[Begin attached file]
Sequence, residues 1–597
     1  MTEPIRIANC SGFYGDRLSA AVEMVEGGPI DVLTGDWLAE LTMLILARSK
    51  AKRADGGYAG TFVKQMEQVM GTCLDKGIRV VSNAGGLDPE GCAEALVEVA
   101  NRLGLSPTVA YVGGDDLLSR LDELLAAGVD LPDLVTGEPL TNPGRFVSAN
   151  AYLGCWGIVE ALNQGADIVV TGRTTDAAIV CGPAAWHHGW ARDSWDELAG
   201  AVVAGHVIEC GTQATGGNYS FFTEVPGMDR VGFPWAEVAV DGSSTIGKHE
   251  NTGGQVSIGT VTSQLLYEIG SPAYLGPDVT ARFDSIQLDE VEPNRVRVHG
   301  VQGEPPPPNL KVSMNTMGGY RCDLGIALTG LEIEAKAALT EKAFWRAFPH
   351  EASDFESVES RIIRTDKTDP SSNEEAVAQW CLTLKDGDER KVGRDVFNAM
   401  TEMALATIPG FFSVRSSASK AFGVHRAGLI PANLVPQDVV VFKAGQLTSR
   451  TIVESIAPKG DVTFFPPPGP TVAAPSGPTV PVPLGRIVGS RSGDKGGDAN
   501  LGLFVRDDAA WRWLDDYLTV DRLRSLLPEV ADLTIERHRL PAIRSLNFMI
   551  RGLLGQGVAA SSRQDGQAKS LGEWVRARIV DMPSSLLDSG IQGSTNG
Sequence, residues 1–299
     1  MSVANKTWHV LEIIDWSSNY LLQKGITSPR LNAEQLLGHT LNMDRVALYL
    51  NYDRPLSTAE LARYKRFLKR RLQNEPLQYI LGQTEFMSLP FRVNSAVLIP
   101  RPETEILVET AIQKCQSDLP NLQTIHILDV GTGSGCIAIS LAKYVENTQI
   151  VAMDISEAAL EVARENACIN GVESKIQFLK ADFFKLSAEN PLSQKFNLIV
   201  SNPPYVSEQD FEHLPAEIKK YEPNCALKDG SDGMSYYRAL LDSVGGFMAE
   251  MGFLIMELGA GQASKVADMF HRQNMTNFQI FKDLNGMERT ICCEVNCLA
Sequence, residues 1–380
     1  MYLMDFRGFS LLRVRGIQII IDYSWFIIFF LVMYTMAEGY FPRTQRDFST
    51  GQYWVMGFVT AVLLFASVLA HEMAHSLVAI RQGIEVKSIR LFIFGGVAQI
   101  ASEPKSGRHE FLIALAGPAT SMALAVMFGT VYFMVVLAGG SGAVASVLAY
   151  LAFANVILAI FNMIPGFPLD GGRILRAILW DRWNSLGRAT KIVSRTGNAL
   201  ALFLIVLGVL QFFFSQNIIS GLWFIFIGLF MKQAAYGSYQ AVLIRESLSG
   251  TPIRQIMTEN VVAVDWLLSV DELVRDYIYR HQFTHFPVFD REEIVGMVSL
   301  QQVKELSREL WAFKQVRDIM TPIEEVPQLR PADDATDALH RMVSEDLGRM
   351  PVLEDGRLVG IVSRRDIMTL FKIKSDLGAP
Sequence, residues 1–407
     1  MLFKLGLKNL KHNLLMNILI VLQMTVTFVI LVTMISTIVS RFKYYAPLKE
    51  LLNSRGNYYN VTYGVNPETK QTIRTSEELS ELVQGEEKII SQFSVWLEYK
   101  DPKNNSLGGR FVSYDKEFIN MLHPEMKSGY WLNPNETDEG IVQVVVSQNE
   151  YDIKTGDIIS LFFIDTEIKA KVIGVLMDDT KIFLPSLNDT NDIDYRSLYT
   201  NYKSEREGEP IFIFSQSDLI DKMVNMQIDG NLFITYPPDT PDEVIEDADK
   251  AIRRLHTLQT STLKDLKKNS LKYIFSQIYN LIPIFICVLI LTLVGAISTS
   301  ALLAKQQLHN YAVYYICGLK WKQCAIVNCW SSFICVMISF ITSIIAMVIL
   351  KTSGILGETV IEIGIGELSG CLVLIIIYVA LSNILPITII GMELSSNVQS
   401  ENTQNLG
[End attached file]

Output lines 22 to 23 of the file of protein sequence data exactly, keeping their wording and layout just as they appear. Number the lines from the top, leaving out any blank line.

     1  MYLMDFRGFS LLRVRGIQII IDYSWFIIFF LVMYTMAEGY FPRTQRDFST
    51  GQYWVMGFVT AVLLFASVLA HEMAHSLVAI RQGIEVKSIR LFIFGGVAQI